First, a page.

Naewonjeongsa Temple – 내원정사 (Seodaeshin-dong, Busan)

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 The stunning golden pagoda that sits front and centre on the main altar inside the Daeung-jeon at Naewonjeongsa Temple in Busan.

Hello Again Everyone!!

Lately, I’ve been exploring Busan more and more. With it being so close to where I live, and with literally thousands of temples to explore, it was a no-brainer. This past weekend, my exploration of Busan brought me to Naewonjeongsa Temple in Seodaeshin-dong, which is in close proximity to Busan Station.

Situated on Mt. Eomgwangsan, you’ll first approach Naewonjeongsa Temple up a mountain road. This is a bit strange, since the temple lies just above the busy Busan Station area. Finally arriving in the mid-sized parking lot, and having passed by the numerous mountain hikers along the way, you’ll first see the front façade to Naewonjeongsa Temple.

In the centre of the front façade are the Cheonwangmun Gate and the bell pavilion above it. Passing under the bell pavilion and through the Cheonwangmun Gate, you’ll finally enter the temple courtyard; however, before doing that, take the time to enjoy the paintings in and around the Cheonwangmun Gate. There are unique guardian paintings on the front doors, intricately painted Heavenly Kings, and the ceiling to the gate is beautifully adorned with both yellow and blue dragons and phoenixes.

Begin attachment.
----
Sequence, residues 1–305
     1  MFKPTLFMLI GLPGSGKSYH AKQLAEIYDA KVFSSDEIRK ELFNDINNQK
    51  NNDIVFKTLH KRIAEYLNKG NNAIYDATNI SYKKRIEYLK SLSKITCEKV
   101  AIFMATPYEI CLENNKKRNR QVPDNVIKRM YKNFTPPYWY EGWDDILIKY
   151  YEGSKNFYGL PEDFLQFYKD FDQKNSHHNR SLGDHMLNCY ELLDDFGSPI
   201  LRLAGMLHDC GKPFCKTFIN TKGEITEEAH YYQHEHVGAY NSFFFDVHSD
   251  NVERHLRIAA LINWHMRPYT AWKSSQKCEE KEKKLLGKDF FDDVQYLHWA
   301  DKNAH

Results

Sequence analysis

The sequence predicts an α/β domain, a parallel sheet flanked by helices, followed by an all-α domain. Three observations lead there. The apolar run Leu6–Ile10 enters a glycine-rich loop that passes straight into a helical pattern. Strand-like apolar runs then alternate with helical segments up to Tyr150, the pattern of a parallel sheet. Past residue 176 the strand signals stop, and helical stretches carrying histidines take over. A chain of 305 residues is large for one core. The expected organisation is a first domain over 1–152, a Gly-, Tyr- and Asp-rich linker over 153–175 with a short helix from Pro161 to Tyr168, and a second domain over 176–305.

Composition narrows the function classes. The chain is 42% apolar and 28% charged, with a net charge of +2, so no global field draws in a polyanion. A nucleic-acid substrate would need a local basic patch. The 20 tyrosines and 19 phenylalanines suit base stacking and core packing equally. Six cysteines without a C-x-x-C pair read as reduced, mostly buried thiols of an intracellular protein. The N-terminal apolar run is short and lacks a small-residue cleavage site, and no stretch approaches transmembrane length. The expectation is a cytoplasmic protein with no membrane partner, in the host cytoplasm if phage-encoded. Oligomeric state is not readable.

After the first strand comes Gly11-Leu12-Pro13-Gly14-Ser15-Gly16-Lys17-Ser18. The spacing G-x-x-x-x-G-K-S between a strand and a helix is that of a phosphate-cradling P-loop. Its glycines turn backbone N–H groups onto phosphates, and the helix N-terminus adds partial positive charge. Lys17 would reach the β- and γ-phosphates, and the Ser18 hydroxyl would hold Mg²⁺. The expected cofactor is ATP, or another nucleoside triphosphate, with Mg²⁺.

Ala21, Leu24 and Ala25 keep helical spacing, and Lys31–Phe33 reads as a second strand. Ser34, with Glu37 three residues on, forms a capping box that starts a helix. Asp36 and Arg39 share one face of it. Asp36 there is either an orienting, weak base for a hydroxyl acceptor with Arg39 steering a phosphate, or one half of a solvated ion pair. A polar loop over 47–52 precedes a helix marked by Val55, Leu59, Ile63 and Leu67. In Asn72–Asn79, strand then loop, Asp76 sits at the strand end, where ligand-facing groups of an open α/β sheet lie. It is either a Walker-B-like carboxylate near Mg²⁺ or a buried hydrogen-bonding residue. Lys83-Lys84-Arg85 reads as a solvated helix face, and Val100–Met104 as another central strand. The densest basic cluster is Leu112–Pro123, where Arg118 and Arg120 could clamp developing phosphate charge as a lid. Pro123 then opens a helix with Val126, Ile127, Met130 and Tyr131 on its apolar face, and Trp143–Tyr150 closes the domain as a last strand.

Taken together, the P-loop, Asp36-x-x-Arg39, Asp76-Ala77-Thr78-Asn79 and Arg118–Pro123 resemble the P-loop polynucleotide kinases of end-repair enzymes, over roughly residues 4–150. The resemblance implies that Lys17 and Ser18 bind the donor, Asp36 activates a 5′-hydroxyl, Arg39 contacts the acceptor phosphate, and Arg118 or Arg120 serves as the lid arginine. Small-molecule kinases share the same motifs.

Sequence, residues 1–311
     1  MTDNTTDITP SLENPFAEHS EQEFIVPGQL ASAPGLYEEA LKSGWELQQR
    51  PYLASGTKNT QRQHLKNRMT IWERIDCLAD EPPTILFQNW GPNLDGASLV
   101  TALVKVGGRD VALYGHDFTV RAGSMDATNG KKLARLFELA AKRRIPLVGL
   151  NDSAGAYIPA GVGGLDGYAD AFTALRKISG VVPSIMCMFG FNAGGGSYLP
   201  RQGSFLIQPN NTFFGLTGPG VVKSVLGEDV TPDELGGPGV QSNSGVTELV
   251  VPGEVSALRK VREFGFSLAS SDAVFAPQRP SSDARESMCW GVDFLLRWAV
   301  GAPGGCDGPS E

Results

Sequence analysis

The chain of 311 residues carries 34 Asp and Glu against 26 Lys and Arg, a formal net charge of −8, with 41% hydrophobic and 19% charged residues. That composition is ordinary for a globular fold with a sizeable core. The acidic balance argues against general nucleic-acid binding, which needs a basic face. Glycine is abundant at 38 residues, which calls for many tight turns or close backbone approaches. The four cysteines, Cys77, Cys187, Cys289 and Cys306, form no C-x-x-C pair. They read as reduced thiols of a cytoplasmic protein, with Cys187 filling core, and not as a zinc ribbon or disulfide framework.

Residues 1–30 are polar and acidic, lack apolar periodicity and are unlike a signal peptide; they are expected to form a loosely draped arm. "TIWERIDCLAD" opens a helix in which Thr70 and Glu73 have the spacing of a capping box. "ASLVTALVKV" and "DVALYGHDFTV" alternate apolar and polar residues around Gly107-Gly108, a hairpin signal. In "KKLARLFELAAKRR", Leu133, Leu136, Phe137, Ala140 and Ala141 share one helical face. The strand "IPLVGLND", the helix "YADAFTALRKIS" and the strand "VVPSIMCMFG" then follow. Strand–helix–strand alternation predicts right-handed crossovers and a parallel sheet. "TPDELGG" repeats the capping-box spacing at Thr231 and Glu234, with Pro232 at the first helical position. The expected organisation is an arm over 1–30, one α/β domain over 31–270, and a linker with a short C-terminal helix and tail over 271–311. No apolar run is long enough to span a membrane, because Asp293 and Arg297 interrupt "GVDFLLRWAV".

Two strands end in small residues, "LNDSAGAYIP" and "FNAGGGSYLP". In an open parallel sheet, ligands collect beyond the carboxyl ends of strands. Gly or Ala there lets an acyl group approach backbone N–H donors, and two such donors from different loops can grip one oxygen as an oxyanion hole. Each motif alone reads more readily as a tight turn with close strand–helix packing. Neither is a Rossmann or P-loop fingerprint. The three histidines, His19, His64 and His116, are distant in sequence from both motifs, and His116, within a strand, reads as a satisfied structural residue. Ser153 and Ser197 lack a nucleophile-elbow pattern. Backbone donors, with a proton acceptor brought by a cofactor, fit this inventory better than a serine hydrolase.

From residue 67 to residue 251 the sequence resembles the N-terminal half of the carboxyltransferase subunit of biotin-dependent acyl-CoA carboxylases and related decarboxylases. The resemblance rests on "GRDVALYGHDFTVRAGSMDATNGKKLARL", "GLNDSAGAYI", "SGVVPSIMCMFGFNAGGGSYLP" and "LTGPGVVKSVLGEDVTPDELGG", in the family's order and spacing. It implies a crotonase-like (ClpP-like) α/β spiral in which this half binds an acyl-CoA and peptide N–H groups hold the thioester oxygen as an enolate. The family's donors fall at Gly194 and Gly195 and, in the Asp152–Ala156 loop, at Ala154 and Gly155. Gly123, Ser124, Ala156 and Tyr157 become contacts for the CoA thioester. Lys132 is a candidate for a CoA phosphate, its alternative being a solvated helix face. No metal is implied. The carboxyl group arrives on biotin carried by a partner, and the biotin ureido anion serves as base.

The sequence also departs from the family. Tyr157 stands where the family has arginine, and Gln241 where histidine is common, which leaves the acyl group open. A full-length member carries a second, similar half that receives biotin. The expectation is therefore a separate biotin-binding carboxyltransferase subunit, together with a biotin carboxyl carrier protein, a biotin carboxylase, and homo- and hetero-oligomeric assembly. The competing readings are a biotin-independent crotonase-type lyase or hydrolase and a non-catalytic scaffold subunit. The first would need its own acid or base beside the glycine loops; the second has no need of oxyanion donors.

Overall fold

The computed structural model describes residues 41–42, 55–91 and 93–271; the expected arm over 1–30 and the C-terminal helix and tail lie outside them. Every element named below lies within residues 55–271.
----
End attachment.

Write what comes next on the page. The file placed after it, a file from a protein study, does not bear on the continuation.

Standing in the temple courtyard, and if you look back from where you first came, you’ll notice a bell pavilion that you can actually have a seat and take a rest in (or at least that’s what I saw a couple Koreans doing). While the bell is rather plain, the base to the large drum is demonic, while the cloud gong has a pair of Biseon dancing around it. But the real highlight is the large sized fish gong with an equally large sized red pearl in its mouth. To the right and left of the bell pavilion, and outlining the temple courtyard, are two rows of temple buildings. These buildings act as the monks’ quarters, visitors centre, and administrative office. There is even a nice row of Chinese plum trees to accompanying the building to the right.

Straight ahead is the true highlight to Naewonjeongsa Temple, which just so happens to be the main hall at the temple. Surrounding the exterior walls to the main hall are an assortment of paintings. To the rear are a colourful set of Shimu-do murals that are joined by beautiful Buddha and Bodhisattva paintings. But the real rare thing about these paintings are the Dokseong (The Recluse) and Sanshin (The Mountain Spirit) murals that are painted on either side of the main hall. I’ve never seen this before. Also, the main hall is surrounded by a mature bamboo forest.